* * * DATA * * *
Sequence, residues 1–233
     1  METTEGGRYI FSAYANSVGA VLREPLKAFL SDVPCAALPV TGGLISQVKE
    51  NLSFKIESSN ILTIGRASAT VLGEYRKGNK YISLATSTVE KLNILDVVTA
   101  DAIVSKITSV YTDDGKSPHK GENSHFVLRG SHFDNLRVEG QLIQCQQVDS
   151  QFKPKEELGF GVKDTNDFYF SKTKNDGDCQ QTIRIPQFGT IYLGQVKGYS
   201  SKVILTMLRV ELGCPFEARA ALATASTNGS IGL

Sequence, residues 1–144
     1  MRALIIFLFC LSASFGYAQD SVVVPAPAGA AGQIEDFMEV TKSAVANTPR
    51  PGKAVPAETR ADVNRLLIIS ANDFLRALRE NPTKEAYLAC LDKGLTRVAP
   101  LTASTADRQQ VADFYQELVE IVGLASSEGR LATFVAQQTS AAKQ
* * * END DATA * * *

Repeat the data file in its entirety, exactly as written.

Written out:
Sequence, residues 1–233
     1  METTEGGRYI FSAYANSVGA VLREPLKAFL SDVPCAALPV TGGLISQVKE
    51  NLSFKIESSN ILTIGRASAT VLGEYRKGNK YISLATSTVE KLNILDVVTA
   101  DAIVSKITSV YTDDGKSPHK GENSHFVLRG SHFDNLRVEG QLIQCQQVDS
   151  QFKPKEELGF GVKDTNDFYF SKTKNDGDCQ QTIRIPQFGT IYLGQVKGYS
   201  SKVILTMLRV ELGCPFEARA ALATASTNGS IGL

Sequence, residues 1–144
     1  MRALIIFLFC LSASFGYAQD SVVVPAPAGA AGQIEDFMEV TKSAVANTPR
    51  PGKAVPAETR ADVNRLLIIS ANDFLRALRE NPTKEAYLAC LDKGLTRVAP
   101  LTASTADRQQ VADFYQELVE IVGLASSEGR LATFVAQQTS AAKQ